The centuries-long conflict between East and West, Muslim and Christian, comes to a head in the Sixteenth century Mediterranean Sea. Crowley details the fascinating rivalry between Charles V, Holy Roman Emperor, and Suleiman the Magnificent of the Ottoman Empire. Their greatest victories, their most ignominious defeats, and everything in between are brought up at one point or another.

The Great Siege of Malta, as reviewers all over the place say, is a point in time that begs to be adapted by any entertainment medium. Somewhere around 7,000 Christians made a heroic stand against upwards of three times their number in the great fortress-island of Malta. Led by Grandmaster Jean de Valette of the Knights Hospitaller, the very citizens themselves put forth the most effort, according to Crowley, in defense of their home and hearth. Crowley definitely stresses Philip II of Spain's epithet: the Prudent, in relation to the great siege. The course of history has proven that Christendom is utterly incapable of uniting for a common cause, and it's fascinating to see how down to the wire the siege was due to Philip's extreme cautiousness.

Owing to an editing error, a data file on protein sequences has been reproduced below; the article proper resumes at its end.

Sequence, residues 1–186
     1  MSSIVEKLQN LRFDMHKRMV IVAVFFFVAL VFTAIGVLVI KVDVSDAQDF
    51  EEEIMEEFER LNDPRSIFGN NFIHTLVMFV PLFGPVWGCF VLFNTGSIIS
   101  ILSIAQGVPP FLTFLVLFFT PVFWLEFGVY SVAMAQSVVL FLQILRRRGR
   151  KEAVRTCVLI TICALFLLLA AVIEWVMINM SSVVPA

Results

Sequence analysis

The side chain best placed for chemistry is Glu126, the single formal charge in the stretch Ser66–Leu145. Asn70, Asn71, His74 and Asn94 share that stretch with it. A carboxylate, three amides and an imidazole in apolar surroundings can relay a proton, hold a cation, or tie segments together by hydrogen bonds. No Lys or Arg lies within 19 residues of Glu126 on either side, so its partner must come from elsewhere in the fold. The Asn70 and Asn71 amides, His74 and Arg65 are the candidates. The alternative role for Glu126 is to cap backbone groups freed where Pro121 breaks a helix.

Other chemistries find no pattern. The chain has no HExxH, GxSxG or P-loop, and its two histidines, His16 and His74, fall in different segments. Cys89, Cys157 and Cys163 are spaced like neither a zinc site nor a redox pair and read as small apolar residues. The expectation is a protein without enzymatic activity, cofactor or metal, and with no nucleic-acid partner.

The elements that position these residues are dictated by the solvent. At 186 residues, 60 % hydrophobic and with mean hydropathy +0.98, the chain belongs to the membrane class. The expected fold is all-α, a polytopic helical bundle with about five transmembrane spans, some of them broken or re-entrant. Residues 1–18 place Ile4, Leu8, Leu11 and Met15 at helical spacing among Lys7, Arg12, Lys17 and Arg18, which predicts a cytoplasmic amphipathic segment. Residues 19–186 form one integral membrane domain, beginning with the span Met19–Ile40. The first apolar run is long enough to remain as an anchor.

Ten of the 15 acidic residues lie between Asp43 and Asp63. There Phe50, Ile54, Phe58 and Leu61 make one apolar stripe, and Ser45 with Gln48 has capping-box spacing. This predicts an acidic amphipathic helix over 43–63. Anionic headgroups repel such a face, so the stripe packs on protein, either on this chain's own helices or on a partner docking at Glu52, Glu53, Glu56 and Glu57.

Andrea Vicentino’s 1603 painting in the Palazzo Ducale in Venice depicts the sea of blood and corpses, the cluster of galleys.

The Holy League, vigorously promoted by Pope Pius V, in the spirit of "united" Christendom, which took ages to even have the various Christian rulers assent to involvement, finally took to the sea at the Battle of Lepanto is the culmination of the period, where the Christian fleet shattered the larger Ottoman navy in a battle of nearly 500 ships. The young Ritter Johann von Österreich, commonly known as Don Juan of Austria, just 24 at the time, led the massive coalition fleet that included Miguel de Cervantes to the great battle against Ali Pasha, the Grand Admiral of the Ottoman Navy, and very much a mirror image of Juan himself. Juan's leadership inspired G.K. Chesterton's 1911 poem, named after the eponymous battle.

Crowley lays out a detailed (surprising for its length) narration and analysis of the Mediterranean between the Siege of Rhodes in 1522 and Lepanto in 1571 - not particularly favoring one side or the other, though it is difficult as a reader not to feel some sort of good at sieges where the defenders are hugely outnumbered. The narration itself is bloody and the bodies pile up in masses, turning the very sea that the galleys slice through crimson.

This is historical non-fiction at its best, with a strong, flowing narrative style that brings the characters of both sides back to life in a readable amount of pages (though I listened to the audiobook), complete with stats and strategies for military history buffs all the while remaining exciting as hell to read. Empires of the Sea only scratches the surface of the nearly three hundred year conflict.